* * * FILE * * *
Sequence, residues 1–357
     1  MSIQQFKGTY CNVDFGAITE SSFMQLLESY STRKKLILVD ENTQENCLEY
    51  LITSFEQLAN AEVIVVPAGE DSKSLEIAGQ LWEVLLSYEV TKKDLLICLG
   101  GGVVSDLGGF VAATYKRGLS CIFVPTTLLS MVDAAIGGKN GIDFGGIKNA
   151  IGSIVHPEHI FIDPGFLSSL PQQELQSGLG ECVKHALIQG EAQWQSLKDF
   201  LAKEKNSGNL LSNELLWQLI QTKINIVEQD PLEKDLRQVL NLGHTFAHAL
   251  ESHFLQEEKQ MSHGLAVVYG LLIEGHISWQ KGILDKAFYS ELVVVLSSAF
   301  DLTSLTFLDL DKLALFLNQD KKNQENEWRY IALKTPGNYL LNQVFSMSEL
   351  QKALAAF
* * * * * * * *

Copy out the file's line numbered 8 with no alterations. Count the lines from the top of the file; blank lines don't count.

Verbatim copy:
   301  DLTSLTFLDL DKLALFLNQD KKNQENEWRY IALKTPGNYL LNQVFSMSEL